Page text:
Another Year of Change

Farmers, like other folks, often use the New Year as an opportunity for reflection and self-examination. We ask ourselves again: Are we crazy to be farming? Can we really survive another summer of working that hard? Isn’t there anything else we could do to find fulfillment? It’s pretty much our last chance to ask these big questions: by the end of January, we need to have our planting schedule worked out and our seed orders done, and before February is over, it will be time to start a fire in the greenhouse stove and seed the herbs and onions. If we were going to quit, now would be the time to do it, before the year rolls over and starts gathering momentum to steamroll us under another hectic growing season.

Yet even as we ask ourselves whether we want to keep farming at all, we’re also asking other questions. What will the weather be like this year? Should we plant the onions earlier? How many varieties of potatoes should we grow? What can we do about the squash bugs? There is an unending stream of little decisions to make, and we go right on making them—because deep down, we’ve already decided we will keep on farming. What else would we do? Farming is our life.

So, as we look back on 2012, we are looking ahead to another season of long days, hard work, and the satisfaction that only comes with nurturing growing things. We don’t expect our second year to be any easier than our first, but we do hope it is different. We hope we learned enough from our mistakes in 2012 to make different mistakes in 2013, so we can go on learning.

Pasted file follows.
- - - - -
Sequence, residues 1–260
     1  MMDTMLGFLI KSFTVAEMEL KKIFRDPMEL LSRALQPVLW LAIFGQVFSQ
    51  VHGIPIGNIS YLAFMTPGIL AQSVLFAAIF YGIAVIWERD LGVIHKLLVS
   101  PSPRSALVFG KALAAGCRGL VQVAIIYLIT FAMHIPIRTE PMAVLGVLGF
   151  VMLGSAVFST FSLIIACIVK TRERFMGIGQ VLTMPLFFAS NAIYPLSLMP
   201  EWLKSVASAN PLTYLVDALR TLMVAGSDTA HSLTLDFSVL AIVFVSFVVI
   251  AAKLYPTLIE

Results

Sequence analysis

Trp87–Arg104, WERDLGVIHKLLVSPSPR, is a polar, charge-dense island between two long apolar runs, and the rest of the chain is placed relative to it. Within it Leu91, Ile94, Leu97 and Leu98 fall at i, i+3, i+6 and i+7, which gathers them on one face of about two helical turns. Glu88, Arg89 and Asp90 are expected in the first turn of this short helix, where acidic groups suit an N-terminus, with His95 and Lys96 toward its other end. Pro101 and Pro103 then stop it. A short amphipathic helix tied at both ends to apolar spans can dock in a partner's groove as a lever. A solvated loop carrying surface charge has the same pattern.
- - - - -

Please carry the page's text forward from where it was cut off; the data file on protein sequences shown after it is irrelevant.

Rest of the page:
Of course, this year would be different even if we hadn’t learned anything from last year. Our baby will make sure of that, starting as soon as he or she is born (sometime this month). Children have always been an integral part of our farming vision, but as we’ve discovered with other aspects of that vision, reality is infinitely more complex and challenging than anything we can imagine. We have been warned by various farming mentors that farming with an infant demands numerous adjustments—and farming with a toddler changes everything. Then again, what is farming if not a constant dance with change? The weather changes from day to day, the seasons change and change again, and the plants and animals our livelihood depends on never stop growing, dying, and beginning again. Life is what we farmers work with, and life always changes. If we are smart, we change with it.

Among all the other changes, hopefully this year we will manage to post to this blog more regularly! In the meantime, we wish you a New Year full of growth, change, and different mistakes. Thanks for reading.

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